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Crazy Ant update - KTBS.com - Shreveport, LA News, Weather and Sports

Crazy Ant update

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Rasberry Crazy Ant Rasberry Crazy Ant

Here's some background information on the Rasberry Crazy ants. The name originated from exterminator Tom Rasberry who first noticed them around the Houston area in the early 2000s. The species resembles the Red Fire Ant somewhat with it's reddish brown color.

They move around erratically hence crazy-like and millions of them hang out at one time.

They don't have mounds and typically live beneath objects on the ground.

Just like Fire Ants, the crazy ones really have a thing for outdoor electrical equipment like cable boxes, air conditioning units…etc.

These ants don't sting, but do bite. They excrete an acid that smells like vinegar that can be irritating if it gets in your nostrils or eyes.

Crazy Ants are so invasive, that they will drive most of the insects including Fire Ants away thus restricting the insect food chain for birds.

They are originally from South America and were brought over by human interaction. A few examples are transporting plants, lumber, hay, rocks etc.

They love warm, moist environments like the southern U.S. In fact, they have overrun 20 counties in southeast Texas since 2002.

As for where the Crazy Ants are headed, Associate Professor of Biological Sciences and Entomologist at LSUS, Dr. Beverly Burden says that they have migrated into Louisiana, but not very far:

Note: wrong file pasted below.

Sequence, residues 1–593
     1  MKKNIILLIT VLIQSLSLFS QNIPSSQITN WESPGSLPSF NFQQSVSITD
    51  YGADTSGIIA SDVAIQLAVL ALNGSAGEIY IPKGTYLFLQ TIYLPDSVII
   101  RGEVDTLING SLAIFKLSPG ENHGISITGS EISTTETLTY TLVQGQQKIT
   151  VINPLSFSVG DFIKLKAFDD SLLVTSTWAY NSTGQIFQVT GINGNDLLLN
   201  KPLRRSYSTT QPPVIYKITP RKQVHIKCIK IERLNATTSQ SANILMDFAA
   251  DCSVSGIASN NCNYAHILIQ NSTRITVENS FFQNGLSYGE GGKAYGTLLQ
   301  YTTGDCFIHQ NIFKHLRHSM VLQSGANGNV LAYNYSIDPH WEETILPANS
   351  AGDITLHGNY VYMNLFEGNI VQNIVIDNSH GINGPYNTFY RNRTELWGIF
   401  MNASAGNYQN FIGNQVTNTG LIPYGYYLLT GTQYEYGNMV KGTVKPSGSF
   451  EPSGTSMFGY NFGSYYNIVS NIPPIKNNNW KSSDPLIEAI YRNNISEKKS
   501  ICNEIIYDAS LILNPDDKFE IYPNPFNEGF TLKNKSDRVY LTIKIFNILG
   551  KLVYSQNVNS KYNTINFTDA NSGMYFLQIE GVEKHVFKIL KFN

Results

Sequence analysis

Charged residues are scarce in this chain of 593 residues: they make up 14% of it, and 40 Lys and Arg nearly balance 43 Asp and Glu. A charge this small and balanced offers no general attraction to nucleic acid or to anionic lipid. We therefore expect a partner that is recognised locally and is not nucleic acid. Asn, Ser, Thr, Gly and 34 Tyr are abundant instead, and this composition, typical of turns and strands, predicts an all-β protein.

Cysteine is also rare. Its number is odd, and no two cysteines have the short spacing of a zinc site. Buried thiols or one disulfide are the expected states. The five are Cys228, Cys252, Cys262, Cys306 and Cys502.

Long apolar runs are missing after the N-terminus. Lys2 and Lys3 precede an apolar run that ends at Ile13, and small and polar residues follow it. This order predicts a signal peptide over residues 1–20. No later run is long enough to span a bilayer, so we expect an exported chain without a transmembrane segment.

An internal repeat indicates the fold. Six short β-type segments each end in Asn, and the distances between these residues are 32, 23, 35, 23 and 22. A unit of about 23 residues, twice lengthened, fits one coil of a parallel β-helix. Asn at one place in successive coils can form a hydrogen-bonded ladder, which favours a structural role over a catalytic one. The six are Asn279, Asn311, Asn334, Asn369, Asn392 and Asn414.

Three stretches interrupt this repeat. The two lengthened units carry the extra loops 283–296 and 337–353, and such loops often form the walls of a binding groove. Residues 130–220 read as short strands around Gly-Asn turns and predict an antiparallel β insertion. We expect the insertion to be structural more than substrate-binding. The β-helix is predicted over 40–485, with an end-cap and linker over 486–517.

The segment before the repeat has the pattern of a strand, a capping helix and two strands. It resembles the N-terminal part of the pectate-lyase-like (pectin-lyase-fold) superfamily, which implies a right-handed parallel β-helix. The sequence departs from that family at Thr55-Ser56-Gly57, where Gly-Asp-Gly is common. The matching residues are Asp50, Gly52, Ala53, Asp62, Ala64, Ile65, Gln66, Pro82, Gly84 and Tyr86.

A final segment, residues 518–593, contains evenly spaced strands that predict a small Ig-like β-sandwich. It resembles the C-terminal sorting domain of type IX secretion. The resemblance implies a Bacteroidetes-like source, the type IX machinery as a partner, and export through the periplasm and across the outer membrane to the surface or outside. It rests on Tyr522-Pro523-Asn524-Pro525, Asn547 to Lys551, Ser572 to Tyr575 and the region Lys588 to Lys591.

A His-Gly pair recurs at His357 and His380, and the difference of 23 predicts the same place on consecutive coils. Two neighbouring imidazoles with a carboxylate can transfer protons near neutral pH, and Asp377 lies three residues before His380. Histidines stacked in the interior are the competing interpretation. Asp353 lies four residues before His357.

"They are in a parish in the northeast corner of Louisiana. But right now they have not made it very far north of the I-10 corridor".

That parish is Moorehouse northeast of Monroe.

Dr. Burden indicates that it's only a matter of time until they reach the I-20 corridor, but believes any farther north may be tough on them:

"I think they will be able to survive here maybe not in Arkansas and maybe not at higher elevation...but certainly here".

So, since it is inevitable that the Crazy Ants will eventually migrate to the ArkLaTex, what can we do to protect ourselves and property from them. Dr. Burden suggests keeping your property clean and dry plus use an insecticide:

"If you do have a problem, there are some cultural things you can do...pick up your yard, don't have a lot of debris, keep it dry.  And there are some insecticides that are effective against the crazy ant.  What I tell people is that they need to look at the active ingredient on the bottle, the can, the jar, the box of the insecticide and the active ingredient ends with the suffix thrin...it means it's a Pyrithrin and it's going to be effective against the Crazy Ant".

Companies that produce these chemicals are Spectracide, Ortho and Bayer. Dr. Burden says that they all perform about the same. Several treatments over time may be needed.


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